In these tough economic times, many unemployed Americans are complaining our jobs crisis would be solved if most of our larger corporations kept jobs at home instead of shipping them overseas. Most companies report that finding a way to do so and still turn a profit has eluded them.
But one such corporation, Hershey’s, the chocolate candy king, has found a way to do just that, kinda. And, to please the politicians who are hell bent on taking America back to the good old colonial days when liberty and justice were words bandied about quite a bit, Hershey’s is killing two birds with one stone. It’s called indentured servitude.
For those unfamiliar with the concept of indentured servitude [as it has been banned in America for centuries] here is a quick primer. In colonial times, an employer would enter into a contract with a worker whereby passage to America would be provided, as well as room and board, so long as the ‘servant’ agreed to work an agreed-upon number of years for the employer. In most cases, the workers never really ever earned enough to get out from under the “employment” contract and were forced to work years more than the stated time in the contract to “pay off” their debts to the employer.
The only problem, actually the only problem(s) with Hershey’s plan to keep jobs at home instead of shipping them abroad are (1) the students they are bringing to America to work for them are foreign students; and (2) by the time Hershey’s takes deductions from their $8 an hour wages for housing, food and what not, the foreign students realize they could have stayed at home making $.25 an hour at some sweat shop that manufactures American goods and made more money than what they’re actually earning in America.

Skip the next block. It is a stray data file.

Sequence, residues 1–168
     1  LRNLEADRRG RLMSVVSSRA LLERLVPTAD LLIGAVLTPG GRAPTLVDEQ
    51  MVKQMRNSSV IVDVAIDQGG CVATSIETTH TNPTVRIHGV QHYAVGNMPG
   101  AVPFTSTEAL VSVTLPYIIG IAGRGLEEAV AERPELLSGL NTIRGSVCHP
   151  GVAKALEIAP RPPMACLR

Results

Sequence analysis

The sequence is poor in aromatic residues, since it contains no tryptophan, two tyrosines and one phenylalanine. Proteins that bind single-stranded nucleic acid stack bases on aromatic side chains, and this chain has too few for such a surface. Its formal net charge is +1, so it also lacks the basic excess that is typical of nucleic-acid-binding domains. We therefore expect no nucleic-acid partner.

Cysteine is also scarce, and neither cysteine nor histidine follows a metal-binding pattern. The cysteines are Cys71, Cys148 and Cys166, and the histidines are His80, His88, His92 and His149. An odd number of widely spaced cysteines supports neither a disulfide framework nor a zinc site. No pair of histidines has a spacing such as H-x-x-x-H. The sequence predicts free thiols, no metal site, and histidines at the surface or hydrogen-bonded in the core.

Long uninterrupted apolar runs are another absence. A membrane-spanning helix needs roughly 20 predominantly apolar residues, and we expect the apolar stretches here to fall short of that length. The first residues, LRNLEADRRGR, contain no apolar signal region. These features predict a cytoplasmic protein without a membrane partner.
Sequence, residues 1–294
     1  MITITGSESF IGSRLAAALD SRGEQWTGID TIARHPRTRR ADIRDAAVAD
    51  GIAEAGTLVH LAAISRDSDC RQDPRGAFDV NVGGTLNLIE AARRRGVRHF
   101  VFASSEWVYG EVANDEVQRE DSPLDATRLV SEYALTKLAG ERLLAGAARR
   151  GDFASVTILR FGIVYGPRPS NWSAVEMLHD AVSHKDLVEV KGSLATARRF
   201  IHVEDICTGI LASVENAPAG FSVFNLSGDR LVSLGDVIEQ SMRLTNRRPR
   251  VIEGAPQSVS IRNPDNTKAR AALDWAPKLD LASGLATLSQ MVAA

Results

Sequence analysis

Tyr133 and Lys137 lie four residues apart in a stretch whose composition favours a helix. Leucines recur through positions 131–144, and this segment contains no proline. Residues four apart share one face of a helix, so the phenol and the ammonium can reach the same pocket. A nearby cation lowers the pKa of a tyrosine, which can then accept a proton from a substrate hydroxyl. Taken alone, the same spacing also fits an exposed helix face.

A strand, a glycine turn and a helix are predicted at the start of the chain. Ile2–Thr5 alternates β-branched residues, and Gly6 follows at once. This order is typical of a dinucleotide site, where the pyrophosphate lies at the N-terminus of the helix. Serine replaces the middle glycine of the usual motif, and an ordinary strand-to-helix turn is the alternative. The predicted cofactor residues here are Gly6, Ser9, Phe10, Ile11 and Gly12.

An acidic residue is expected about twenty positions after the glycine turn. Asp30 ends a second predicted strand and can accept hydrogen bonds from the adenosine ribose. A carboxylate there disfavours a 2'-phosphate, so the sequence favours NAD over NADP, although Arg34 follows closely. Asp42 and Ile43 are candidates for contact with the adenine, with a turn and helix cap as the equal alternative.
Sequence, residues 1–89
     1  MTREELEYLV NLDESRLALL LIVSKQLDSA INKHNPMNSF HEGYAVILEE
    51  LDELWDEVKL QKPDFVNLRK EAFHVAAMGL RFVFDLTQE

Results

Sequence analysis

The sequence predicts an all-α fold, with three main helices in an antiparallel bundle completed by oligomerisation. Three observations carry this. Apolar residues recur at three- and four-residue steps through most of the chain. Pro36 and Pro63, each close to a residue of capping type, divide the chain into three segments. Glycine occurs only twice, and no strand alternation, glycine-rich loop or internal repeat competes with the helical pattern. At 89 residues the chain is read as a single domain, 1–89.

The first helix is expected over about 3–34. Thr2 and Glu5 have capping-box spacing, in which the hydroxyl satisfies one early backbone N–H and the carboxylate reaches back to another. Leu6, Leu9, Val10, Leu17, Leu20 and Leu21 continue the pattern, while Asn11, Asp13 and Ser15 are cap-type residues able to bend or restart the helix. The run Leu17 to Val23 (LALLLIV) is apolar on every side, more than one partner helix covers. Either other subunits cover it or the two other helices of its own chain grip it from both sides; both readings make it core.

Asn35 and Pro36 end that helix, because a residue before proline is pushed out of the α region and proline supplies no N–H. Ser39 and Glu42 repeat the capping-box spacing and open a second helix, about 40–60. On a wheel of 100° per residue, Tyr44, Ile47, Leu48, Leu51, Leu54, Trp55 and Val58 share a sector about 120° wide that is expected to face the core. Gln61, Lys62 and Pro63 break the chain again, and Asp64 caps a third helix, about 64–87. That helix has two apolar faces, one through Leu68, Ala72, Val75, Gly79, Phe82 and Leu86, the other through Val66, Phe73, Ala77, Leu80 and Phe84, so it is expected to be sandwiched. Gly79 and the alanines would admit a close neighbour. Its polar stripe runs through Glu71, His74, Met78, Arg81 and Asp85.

To be fair, the kids are getting a free ride to America to work for one of the biggest companies in the world and experience the “American” way of doing business up close and personal. That, alone, should be enough to satisfy them, but no, they’re staging a protest. Seems the foreign workers want to see actual wages for the work they do, not a pay stub that shows them having just enough left over after living expenses to cover the cost of one of the many varieties of candy bar Hershey’s makes.
The irony? It is going to cost Hershey’s a nice chunk of change in attorneys’ fees to fight the charges—money that could have been better spent legally offering minimum-wage jobs to the many American women facing unemployment who would jump at the chance to work in a chocolate factory.